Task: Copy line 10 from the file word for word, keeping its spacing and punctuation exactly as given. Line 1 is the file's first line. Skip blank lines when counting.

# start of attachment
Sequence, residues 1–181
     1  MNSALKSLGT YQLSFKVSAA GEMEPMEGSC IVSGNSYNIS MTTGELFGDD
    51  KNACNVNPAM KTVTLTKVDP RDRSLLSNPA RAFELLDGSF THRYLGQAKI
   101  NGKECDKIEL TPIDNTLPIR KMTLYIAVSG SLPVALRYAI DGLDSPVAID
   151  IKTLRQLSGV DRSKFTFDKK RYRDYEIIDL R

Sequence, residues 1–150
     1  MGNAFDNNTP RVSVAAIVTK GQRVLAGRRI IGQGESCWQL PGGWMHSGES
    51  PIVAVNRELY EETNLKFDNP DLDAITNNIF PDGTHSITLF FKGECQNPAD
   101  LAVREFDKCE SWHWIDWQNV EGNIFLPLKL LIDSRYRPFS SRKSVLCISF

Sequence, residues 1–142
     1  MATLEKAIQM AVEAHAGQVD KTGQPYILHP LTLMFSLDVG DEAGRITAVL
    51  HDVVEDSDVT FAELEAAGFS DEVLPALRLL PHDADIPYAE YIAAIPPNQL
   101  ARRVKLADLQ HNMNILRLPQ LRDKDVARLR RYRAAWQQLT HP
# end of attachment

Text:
Sequence, residues 1–142